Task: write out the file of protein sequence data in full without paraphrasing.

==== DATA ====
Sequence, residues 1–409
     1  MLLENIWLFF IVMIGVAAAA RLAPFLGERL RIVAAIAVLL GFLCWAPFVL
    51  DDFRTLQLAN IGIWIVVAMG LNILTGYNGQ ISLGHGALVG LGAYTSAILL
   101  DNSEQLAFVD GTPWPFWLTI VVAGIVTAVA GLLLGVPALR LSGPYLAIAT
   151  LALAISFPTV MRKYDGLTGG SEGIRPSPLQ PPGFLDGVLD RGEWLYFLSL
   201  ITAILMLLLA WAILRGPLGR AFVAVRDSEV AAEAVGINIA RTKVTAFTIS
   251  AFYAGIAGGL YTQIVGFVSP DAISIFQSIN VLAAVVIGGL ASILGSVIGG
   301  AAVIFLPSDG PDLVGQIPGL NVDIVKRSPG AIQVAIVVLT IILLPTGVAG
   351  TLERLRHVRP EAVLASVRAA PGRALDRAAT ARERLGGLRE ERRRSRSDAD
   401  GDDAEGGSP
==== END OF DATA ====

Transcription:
Sequence, residues 1–409
     1  MLLENIWLFF IVMIGVAAAA RLAPFLGERL RIVAAIAVLL GFLCWAPFVL
    51  DDFRTLQLAN IGIWIVVAMG LNILTGYNGQ ISLGHGALVG LGAYTSAILL
   101  DNSEQLAFVD GTPWPFWLTI VVAGIVTAVA GLLLGVPALR LSGPYLAIAT
   151  LALAISFPTV MRKYDGLTGG SEGIRPSPLQ PPGFLDGVLD RGEWLYFLSL
   201  ITAILMLLLA WAILRGPLGR AFVAVRDSEV AAEAVGINIA RTKVTAFTIS
   251  AFYAGIAGGL YTQIVGFVSP DAISIFQSIN VLAAVVIGGL ASILGSVIGG
   301  AAVIFLPSDG PDLVGQIPGL NVDIVKRSPG AIQVAIVVLT IILLPTGVAG
   351  TLERLRHVRP EAVLASVRAA PGRALDRAAT ARERLGGLRE ERRRSRSDAD
   401  GDDAEGGSP